I`ve been contemplating the similarities between being an entrepreneur,
and being told you have a catastrophic illness, like cancer. LOL!
Yeah... I know...this sounds like a seriously pessimistic argument
against ever being an entrepreneur, but it`s not.
Consider: You walk into the doctor`s office, find out you have cancer, and s/he tells you you`ve got a year to live.
What do you do next?
I`ve been listening to the news blurbs about the death of Tammy Faye
Messner, previously Bakker, who battled cancer over the past year or
so. Her message to everyone was basically not to be afraid...to put
Countless people contract cancer, or some other deadly disease, and
they fall into two groups: Those who choose to do something about it,
and those who passively accept their fate and die.
But cancer is a "bad thing." So too is failure and bankruptcy.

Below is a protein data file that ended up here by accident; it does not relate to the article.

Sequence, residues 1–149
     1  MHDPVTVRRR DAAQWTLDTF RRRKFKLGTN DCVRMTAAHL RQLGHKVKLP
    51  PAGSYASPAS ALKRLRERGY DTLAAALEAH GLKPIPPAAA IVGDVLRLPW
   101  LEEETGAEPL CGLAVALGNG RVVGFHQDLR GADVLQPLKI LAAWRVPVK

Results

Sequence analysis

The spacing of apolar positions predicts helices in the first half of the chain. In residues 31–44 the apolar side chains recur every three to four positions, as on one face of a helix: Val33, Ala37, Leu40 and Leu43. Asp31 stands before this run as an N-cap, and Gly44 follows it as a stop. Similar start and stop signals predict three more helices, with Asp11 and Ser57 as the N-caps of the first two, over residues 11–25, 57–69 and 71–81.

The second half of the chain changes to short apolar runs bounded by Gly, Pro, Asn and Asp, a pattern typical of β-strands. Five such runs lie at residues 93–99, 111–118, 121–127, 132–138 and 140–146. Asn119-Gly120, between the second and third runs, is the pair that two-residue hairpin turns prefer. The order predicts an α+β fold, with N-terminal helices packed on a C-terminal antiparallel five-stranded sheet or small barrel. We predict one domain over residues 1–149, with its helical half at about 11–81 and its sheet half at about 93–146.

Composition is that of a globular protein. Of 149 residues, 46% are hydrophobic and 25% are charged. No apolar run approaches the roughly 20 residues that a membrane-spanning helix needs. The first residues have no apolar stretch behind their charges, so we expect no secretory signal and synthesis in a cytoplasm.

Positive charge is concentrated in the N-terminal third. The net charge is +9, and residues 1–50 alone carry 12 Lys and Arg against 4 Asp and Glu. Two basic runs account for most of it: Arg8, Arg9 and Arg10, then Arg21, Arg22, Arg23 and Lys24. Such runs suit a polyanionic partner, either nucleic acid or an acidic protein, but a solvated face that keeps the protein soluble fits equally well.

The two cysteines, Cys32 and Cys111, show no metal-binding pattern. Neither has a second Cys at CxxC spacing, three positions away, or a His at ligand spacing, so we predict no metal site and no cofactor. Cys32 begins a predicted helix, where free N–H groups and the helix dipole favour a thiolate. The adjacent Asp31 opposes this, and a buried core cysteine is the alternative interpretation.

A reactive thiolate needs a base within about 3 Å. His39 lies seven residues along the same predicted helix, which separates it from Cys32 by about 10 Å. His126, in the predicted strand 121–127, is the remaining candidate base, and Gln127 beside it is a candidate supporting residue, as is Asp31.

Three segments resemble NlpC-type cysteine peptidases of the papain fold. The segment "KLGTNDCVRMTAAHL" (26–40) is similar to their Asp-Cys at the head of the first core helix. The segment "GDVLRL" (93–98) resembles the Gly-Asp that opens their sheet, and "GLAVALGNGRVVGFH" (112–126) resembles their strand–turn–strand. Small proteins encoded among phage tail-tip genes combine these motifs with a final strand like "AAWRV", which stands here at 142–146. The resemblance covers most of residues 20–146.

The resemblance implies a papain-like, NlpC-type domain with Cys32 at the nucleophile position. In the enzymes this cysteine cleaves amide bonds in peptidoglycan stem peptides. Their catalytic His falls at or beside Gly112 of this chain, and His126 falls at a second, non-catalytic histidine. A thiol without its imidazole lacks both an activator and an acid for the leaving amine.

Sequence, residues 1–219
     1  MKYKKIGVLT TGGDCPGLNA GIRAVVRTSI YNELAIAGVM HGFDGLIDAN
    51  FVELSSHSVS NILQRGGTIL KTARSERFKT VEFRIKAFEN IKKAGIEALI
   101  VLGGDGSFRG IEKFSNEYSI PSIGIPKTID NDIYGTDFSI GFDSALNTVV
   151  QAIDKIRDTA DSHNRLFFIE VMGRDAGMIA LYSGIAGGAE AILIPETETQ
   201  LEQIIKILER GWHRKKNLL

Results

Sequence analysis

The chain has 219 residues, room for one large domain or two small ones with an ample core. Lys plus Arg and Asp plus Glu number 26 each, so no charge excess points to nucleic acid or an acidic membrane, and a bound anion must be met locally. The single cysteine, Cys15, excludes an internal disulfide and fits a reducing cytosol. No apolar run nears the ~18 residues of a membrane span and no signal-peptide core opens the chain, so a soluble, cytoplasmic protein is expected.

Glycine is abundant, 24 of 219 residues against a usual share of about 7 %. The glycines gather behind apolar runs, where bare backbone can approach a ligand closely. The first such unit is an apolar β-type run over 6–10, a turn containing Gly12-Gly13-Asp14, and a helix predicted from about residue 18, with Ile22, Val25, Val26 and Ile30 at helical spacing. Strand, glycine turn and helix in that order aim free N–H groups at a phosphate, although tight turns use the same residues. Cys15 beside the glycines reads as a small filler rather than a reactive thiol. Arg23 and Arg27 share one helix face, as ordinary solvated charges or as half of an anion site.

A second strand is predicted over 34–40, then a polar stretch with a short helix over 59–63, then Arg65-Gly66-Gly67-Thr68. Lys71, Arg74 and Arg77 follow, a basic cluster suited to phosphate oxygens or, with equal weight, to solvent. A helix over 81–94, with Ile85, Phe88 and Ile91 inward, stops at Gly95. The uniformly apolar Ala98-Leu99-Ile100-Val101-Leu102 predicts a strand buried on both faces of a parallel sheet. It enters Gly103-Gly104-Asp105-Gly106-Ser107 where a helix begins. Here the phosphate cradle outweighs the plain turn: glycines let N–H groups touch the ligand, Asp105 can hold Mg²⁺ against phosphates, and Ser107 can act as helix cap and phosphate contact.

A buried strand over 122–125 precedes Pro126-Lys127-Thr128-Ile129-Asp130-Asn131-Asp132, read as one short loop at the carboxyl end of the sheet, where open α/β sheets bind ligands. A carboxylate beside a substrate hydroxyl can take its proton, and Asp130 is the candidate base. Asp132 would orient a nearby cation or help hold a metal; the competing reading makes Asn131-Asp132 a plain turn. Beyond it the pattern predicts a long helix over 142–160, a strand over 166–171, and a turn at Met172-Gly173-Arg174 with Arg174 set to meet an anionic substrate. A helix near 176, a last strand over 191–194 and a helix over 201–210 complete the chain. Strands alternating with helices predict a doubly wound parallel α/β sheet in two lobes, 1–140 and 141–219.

No matter how a person moves through their mind, they often find that
"I have cancer!" creeping up and trying to ambush them. So they
*actively* work against that statement, overcoming their tiredness and
willingness to just give in.
Isn`t it the same with that creeping premise, "I`m going to fail. This isn`t going to work!"?
Yes, bankruptcy and failure are real possibilities. But they`re part of
the game. They`re the risk against the high stakes of success and fortune that any entrepreneur tries to win.
The only difference between the two high-risk lives is that the
entrepreneur CHOOSES to enter the game, where the person with an
illness didn`t choose it. The psychology is the same, though.
If you haven`t failed right this moment or in the next 20 minutes, you
have hope. So too, if you haven`t died or are going to die in the next
20 minutes, there`s hope.
It comes down to whether or not you want to allow your mind to explore
what "might happen" days from now, or whether you want to enjoy what
you have right this instant. Do you see the similarities?